The third (and most maligned) entry in the Amityville series bursts forth from the screen this evening at Quad Cinema as part of their survey of the 1980s 3-D boom in genre cinema, currently revisited over Thanksgiving weekend. Amityville 3-D (1983) was one of a few horror films of this era which appear to have gained an extra dimension solely because their franchise achieved threequel status — Friday the 13th Part lll: 3-D and Jaws 3-D were both released within a year of Amityville 3-D and also share the spotlight in this series.
The film stars Tony Roberts as journalist and metaphysical mythbuster John Baxter (in an admittedly clever move, the character is loosely based on real life paranormal investigator Stephen Kaplan, who tried to prove that the Amityville hauntings were a hoax), who moves his family into the the most infamous Dutch Colonial of all time and refuses to leave until literally all hell breaks loose. But such a fatal misstep is not without its own touch of self-aware humor: upon discovering a dark, ominous pit in the basement, Roberts even says, “I guess this is supposed to be, uh, the gateway to Hell!”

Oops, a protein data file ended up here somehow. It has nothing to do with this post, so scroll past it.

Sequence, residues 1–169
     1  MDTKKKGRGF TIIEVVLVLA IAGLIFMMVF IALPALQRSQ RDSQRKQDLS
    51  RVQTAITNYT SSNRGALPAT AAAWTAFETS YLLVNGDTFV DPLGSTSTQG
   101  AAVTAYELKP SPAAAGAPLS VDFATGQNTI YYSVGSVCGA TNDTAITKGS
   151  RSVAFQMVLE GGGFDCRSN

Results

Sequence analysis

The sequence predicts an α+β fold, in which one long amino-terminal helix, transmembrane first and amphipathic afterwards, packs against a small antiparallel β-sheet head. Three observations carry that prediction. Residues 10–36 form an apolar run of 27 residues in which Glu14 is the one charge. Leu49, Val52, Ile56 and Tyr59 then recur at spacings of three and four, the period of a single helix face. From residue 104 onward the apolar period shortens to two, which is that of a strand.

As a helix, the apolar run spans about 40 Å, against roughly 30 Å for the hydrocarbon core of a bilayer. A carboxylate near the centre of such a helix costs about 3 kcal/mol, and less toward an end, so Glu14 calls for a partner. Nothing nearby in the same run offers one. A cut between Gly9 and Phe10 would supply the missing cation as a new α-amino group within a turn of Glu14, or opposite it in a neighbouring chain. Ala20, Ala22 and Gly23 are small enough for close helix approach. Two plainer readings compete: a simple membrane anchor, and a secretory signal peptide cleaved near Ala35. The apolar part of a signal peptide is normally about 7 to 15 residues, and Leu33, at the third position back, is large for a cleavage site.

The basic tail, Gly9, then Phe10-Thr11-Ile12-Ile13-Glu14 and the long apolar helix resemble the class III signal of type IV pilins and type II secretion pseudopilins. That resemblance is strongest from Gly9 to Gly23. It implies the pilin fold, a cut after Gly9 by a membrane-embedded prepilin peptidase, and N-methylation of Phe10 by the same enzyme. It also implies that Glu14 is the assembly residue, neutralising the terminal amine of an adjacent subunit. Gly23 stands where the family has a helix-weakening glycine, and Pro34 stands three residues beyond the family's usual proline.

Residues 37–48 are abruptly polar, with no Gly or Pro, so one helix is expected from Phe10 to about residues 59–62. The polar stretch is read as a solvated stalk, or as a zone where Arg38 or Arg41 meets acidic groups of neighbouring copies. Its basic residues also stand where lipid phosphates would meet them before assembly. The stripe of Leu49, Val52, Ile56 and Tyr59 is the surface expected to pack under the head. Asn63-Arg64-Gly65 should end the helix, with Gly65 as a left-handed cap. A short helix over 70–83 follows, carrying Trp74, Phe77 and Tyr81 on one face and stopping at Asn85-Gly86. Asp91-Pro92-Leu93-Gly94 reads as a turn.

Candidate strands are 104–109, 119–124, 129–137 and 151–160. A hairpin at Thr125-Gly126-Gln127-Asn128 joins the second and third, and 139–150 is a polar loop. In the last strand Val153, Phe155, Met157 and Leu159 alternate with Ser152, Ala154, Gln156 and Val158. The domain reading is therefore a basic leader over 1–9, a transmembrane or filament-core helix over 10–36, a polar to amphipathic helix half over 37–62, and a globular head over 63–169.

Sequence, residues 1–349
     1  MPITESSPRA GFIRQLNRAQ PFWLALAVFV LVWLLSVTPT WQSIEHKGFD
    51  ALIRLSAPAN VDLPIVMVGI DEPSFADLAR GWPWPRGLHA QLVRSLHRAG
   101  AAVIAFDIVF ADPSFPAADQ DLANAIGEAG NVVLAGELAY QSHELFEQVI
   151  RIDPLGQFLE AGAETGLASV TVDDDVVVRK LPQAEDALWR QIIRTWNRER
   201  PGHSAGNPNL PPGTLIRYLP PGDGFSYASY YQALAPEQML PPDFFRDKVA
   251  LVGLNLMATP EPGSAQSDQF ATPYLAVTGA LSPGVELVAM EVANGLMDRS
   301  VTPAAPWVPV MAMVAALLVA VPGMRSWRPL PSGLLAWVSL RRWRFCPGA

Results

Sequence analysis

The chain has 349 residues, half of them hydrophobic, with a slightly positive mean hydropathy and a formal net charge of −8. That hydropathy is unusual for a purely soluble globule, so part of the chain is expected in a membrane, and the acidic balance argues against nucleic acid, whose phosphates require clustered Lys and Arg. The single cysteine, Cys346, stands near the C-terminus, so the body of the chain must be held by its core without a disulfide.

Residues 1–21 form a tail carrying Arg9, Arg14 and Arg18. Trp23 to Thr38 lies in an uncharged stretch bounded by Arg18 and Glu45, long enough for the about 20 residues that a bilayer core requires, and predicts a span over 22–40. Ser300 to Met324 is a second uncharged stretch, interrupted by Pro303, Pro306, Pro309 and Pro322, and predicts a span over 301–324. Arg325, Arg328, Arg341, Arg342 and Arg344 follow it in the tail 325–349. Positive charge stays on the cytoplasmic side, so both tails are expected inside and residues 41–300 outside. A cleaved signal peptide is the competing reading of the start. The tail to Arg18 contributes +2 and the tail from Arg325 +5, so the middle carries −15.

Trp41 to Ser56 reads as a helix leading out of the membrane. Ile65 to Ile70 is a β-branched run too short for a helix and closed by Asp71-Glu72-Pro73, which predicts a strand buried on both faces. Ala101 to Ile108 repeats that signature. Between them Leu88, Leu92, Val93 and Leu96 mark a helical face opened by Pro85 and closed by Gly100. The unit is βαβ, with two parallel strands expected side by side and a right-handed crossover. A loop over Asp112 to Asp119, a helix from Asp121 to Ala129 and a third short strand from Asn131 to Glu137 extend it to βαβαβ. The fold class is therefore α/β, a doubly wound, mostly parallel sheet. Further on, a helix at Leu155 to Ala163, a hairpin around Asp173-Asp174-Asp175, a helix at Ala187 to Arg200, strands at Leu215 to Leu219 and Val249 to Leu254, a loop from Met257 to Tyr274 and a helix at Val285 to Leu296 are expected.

I cannot lie: this movie is dumb with a capital (3)D, but it takes full advantage of what many consider nothing but a cheap gimmick to elicit some genuinely fun spook-house jump scares. Beyond that, what the film does have it owes to the prolific and versatile director Richard Fleischer (20,000 Leagues Under the Sea, Soylent Green), who takes advantage of the house itself as both a domineering presence and a gothic tomb for its inhabitants. And if you want to see a young Meg Ryan make rude jokes about fornicating with ghosts over a game of Ouija, this one is worth checking out.